Earlier this year, I purchased Spotify Premium so that I could have access to Spotify‘s endless arsenal of music without having to be at my computer. Spotify is an online music service that gives you access to virtually every song ever made with advertisements thrown in to generate revenue. Spotify Premium is its membership option for users willing to pay a fee to avoid ads and have access to Spotify’s music library from their mobile phones.

However, I’ve been researching and reassessing that Spotify Premium membership. Grooveshark, a competitor of Spotify’s that I’ve written about in the past, has launched a mobile website coded in HTML5 that offers its music library online for free. There are ads, of course, but what’s a few advertisements in exchange for free, instantaneous access to every album you could imagine? (Did I mention it’s free?)

The Importance of HTML5

To be fair, I don’t know how long Grooveshark’s mobile site will be up. The company is notorious for its legal troubles. Grooveshark’s user-upload-friendly platform makes it so that not all of the music available is even legal. According to Grooveshark’s terms of service, only songs whose artists have consented to having their music used are legal to play. The rest are considered illegal content so that the uploader is the one breaking the law.

The app is continuously pulled from from Google Play, which is likely what motivated Grooveshark to innovate and build an app-quality mobile site in the first place. While I hope that the mobile site stays alive, I think the more interesting story here is how far HTML5 has come.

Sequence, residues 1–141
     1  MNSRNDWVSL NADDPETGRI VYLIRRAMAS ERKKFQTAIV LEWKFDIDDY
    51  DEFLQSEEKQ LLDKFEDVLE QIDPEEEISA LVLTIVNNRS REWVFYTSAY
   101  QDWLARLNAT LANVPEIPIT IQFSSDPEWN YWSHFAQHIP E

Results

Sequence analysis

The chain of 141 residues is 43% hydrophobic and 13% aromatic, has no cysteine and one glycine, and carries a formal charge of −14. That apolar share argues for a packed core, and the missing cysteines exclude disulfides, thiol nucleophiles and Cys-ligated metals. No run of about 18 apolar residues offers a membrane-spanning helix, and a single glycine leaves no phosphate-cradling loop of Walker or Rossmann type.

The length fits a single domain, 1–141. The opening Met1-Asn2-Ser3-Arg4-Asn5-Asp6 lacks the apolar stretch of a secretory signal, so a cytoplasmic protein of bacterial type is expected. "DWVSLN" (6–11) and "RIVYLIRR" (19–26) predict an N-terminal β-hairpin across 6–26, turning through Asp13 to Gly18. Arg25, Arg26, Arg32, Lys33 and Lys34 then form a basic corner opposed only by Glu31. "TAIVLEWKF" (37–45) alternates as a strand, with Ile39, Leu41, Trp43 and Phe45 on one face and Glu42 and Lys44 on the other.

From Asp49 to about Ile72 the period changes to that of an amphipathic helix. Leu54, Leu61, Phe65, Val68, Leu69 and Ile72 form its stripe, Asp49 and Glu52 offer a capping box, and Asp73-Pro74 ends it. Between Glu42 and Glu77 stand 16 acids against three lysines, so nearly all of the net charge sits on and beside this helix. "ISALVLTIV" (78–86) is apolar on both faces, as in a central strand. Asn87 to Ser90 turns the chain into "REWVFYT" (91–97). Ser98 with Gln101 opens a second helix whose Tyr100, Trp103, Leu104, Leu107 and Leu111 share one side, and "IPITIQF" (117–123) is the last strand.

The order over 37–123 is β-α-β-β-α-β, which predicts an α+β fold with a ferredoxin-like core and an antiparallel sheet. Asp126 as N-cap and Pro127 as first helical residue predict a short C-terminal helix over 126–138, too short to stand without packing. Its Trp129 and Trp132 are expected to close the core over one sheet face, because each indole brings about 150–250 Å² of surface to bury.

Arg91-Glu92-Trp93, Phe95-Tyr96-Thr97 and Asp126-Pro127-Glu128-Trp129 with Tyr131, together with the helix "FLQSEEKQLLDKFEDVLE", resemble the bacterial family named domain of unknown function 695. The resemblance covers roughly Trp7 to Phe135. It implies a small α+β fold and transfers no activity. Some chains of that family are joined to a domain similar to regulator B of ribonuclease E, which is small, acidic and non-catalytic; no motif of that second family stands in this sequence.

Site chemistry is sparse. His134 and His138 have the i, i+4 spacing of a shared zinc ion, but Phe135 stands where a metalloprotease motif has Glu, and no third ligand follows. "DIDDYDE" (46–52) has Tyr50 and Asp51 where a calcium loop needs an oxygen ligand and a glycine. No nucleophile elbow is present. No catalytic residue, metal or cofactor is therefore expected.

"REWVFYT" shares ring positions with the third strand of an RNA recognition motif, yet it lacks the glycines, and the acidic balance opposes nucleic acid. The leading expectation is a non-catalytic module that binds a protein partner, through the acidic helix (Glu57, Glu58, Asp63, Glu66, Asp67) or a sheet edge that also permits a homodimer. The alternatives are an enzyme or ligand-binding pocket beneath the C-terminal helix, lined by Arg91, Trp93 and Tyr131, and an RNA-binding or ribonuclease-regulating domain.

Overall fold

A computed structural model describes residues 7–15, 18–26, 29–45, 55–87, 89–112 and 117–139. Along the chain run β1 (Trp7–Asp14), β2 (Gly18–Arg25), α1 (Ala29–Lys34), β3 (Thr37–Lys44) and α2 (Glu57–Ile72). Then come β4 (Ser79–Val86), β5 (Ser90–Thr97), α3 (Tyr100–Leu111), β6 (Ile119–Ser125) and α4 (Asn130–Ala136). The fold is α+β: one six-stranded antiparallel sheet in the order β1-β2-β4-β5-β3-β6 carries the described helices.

With how popular mobile apps are right now, it’s hard to envision them becoming ‘obsolete’ anytime soon. But when it comes to apps that require the Internet, I think that day is coming sooner rather than later. Why download an app when you could just type in a URL? Most websites are beginning to see the need to optimize their site for mobile.

I saw this need firsthand this summer while I was a web development intern at Rounded Development. I assisted in optimizing a site for mobile that, prior to HTML5, would have absolutely needed a mobile app to have all of its features and functionality.

The Future of HTML5 and Apps

However, many apps are just not in a format that lends itself to being hosted online. Apps that don’t require Internet for optimal functionality are not in any immediate danger of being replaced by a web app, but the popularity of the cloud could quickly change this. I would have previously considered word processing to be a strictly offline domain, but Google Docs has changed my mind, and allowed me to have my documents with me everywhere. In fact, it’s been almost a year since I had to email myself a term paper so that I could access it from another computer.

Ultimately, it’s still going to take some time before HTML5 truly takes off and fully replaces web-oriented mobile apps. But every day, more sites are using this technology. The cloud is granting users the convenience that will force apps and other local software to either adapt or yield.

What do you think will be the next major break through in this area? Do you think HTML5 will replace or just supplement traditional apps? Make sure to comment below or tweet @SamiiRuddy to keep the conversation going.